Fluconazole is a prescription drug being used for the treatment of mold allergies. Mold allergy treatments can be very similar to those for hayfever and seasonal allergies. Sometimes though more non mainstream approaches are necessary. Fluconazole for mold allergies is becoming one of the mold allergy treatments that seem to be working for many mold allergy sufferers.
Chronic sinus problems and typical airborne allergy symptoms like sneezing and nasal congestion can confuse those with mold allergies. You need to consider whether your symptoms persist even when pollen counts are not at levels that affect seasonal allergy sufferers.
Across the United States mold problems are increasing with the increased rains and snows of the last few years. Mold grows in dark, wet places as well as being in the outdoors in the warmer weather. Confirm that you indeed have a mold allergy by having your doctor take a culture of your nose. Based on the kind of mold found your doctor may recommend an anti-fungal medication in addition to fluconazole for mold allergies.
Sickness can be caused by mold found inside the home and tends to affect those with weaker immune systems like kids and older adults. If symptoms develop that make you think you have allergies you need to consider not just pollen but mold that can grow in your home as well. One of the treatments your doctor or allergist may recommend is fluconazole for mold allergies.
Typically doctors exhaust other options before turning to fluconazole for mold allergies. Prescription level medicines can have side effects so they usually are used last. Fluconazole which also can go by Diflucan is used to treat yeast infections. Yeast is a type of fungus so that is why the relationship developed to use fluconazole for mold allergies.
Whether you use fluconazole for allergies or any other mold allergy treatment, finding and cleaning up any mold problems in your house will undoubtedly help to alleviate your mold allergy symptoms as well. Though some of the places where mold can grow are obvious like bathrooms and basements cleaning them may require professional help.
As someone who has suffered with sinus symptoms and nasal allergy symptoms as well it is interesting to see how mold allergy treatments may hold relief for symptoms that can last all year long. As with any drug using fluconazole for mold allergies can cause side effects. With the help of your doctor you can balance out the cost benefit of using this prescription medicine. You should also ask them about cross effects with both over the counter and prescription that you are using as well.
Tattoo allergies may be a concern when you are considering taking the leap for that cool tattoo. When considering whether to get a tattoo or not most people don’t realize that they may experience an allergic reaction to the tattoo. Though this is rare it can be scary and it will take away from the experience of getting that much wanted tattoo.
Rare as it is tattoo allergies are getting more attention because tattoos themselves have become much more mainstream. Once something associated with the Harley Davidson crowd, men and women of varying ages are using it as a form of expression. Older folks are not as willing to put up with discomfort without complaining to a doctor, usually their dermatologist.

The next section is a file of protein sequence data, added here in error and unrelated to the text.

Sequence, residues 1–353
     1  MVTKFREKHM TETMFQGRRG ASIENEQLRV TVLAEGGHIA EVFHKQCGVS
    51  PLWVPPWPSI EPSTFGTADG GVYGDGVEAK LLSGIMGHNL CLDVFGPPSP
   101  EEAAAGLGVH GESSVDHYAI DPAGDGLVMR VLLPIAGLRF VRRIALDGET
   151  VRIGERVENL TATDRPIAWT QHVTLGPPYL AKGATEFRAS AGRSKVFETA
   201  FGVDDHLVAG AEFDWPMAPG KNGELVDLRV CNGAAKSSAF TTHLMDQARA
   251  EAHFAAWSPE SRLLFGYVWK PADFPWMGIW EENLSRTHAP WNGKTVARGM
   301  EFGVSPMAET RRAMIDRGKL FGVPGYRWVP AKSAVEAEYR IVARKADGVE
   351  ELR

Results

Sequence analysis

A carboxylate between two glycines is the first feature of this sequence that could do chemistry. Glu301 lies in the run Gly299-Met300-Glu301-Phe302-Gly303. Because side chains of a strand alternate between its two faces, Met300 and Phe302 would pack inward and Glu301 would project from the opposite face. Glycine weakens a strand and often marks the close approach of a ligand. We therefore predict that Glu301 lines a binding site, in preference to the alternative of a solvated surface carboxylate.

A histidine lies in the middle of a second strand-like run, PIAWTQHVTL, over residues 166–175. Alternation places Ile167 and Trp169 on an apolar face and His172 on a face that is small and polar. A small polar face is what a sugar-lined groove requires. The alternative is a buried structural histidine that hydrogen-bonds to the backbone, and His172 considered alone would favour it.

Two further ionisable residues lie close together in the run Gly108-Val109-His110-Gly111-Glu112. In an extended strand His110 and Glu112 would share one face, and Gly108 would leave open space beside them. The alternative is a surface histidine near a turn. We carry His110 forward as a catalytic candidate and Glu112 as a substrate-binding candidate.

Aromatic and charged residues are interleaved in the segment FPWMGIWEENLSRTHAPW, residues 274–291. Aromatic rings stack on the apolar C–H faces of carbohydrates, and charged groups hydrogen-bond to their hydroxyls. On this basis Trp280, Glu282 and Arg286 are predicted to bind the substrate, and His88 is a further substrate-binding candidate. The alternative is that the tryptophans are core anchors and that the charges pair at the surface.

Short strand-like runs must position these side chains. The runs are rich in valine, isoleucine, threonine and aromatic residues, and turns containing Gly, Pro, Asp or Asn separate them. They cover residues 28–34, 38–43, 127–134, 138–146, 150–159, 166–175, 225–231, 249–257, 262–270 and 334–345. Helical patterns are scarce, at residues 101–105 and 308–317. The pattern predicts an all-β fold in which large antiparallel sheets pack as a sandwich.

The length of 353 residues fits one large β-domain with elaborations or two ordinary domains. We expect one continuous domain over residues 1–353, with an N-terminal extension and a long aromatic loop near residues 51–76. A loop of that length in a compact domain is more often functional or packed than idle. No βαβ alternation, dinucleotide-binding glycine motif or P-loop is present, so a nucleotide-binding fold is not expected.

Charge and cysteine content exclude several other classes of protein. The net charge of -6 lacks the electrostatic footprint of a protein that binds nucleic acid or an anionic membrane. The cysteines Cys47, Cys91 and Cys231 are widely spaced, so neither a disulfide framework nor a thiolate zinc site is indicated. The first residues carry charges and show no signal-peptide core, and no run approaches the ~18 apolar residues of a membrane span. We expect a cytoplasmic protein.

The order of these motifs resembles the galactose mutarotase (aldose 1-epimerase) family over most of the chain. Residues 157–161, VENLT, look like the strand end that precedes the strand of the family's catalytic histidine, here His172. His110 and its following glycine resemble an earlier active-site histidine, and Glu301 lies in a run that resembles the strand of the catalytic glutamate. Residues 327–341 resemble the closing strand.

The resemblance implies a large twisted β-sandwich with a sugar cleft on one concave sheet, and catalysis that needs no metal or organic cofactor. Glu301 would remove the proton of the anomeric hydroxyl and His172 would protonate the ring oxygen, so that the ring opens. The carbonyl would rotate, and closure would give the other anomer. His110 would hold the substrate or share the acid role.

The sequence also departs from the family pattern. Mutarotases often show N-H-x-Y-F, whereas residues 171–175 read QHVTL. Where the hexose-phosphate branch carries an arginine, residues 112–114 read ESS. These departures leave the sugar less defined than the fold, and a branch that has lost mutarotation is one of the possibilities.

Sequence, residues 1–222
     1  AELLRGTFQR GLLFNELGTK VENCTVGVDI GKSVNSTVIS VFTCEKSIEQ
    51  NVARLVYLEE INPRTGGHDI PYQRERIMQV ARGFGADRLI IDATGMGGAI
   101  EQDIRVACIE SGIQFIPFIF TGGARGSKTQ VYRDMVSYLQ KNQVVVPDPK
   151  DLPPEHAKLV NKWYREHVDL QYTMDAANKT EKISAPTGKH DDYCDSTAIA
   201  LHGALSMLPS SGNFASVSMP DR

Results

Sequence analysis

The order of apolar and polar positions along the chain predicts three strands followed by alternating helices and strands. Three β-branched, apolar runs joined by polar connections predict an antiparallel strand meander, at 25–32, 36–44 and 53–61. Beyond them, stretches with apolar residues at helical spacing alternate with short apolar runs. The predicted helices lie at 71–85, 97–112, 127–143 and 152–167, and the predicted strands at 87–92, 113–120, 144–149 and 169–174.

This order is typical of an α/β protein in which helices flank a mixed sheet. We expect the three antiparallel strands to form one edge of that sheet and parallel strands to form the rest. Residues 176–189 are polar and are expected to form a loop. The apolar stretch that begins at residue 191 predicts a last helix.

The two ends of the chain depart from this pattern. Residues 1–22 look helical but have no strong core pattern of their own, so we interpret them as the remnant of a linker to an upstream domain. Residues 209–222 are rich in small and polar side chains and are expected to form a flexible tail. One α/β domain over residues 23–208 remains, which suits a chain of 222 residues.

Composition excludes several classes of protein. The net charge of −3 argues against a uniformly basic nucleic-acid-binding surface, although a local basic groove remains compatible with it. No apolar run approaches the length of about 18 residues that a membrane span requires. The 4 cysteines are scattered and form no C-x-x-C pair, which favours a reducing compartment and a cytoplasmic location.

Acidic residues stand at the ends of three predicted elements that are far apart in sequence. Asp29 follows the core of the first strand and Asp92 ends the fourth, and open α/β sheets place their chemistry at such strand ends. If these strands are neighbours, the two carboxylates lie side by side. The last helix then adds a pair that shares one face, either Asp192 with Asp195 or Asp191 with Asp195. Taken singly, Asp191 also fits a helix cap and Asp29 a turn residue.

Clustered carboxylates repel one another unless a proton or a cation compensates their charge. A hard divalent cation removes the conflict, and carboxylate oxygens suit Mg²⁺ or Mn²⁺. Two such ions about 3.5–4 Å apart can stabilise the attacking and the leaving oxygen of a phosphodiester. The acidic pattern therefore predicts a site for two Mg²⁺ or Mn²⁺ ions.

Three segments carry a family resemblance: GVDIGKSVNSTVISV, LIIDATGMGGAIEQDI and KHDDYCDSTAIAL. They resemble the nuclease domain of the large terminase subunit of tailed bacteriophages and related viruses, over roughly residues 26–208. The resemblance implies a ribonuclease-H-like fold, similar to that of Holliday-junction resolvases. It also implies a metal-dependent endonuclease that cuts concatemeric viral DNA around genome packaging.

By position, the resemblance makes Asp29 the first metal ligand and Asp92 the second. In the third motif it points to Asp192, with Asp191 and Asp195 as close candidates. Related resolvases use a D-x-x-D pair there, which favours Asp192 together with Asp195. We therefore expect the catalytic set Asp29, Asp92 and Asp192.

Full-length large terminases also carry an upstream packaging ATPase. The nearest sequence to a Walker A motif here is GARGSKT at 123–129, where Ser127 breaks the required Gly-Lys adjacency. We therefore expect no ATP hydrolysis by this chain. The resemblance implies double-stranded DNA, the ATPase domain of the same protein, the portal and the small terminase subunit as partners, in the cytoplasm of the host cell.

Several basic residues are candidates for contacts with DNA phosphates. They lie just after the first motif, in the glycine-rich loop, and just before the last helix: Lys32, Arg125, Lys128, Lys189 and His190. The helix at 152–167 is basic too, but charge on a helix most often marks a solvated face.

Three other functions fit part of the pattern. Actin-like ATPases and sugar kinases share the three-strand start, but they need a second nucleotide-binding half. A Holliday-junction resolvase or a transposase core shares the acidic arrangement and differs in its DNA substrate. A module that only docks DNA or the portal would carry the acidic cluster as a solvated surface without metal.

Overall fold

Tattoo allergies are usually considered an allergic reaction to the ink being used for the tattoo. The ink has materials that let’s face it are foreign to the human body. Some past inks that are not used as much are red and yellow inks that used to contain mercury in them. Today there still are inks that can trigger allergic reactions though. They may contain cadmium, nickel and chromium. As someone getting a tattoo odds are you are not reading the ingredients on the bottle of ink the tattoo artist is using so you need to be ready to ask them.
Sadly the truth is you may not be able to avoid tattoo allergies even with research. Many times the allergic reaction does not take place until maybe years later so testing yourself beforehand may seem like a safe bet for avoiding tattoo allergies but in reality it isn’t a guarantee.
When a tattoo allergy manifests itself a rash and possible inflammation occurs on the tattoo site. Some people see this reaction based on the weather and even when they may be sick with a fever. Itchiness can also be a sign that may show up more during hot weather.
If you do develop a tattoo allergy you can try over the counter creams to treat your rash like hydrocortizone and antibiotic creams. As a safer bet you may want to consult with your dermatologist first because some information online suggests that the creams themselves may be causing the bad reactions.
Besides not getting a tattoo at all 😉 making sure your tattoo artist uses acceptable practices for cleanliness won’t hurt. If you are predisposed to allergies already odds are that you may end up experiencing tattoo allergies so researching ink ingredients and discussing them with your tattoo artist may also help you avoid tattoo allergies. Please keep in mind though that a tattoo allergy is statistically rare.
Is frequent urination tied to food allergies? Though there are a few articles online advancing this theory, the truth is that no connection has been made in the world of medical studies. This doesn’t necessarily mean that the connection will not someday be established but it is important to look at all the known causes for frequent urination before assuming there is a cause between your frequent urination and food allergies.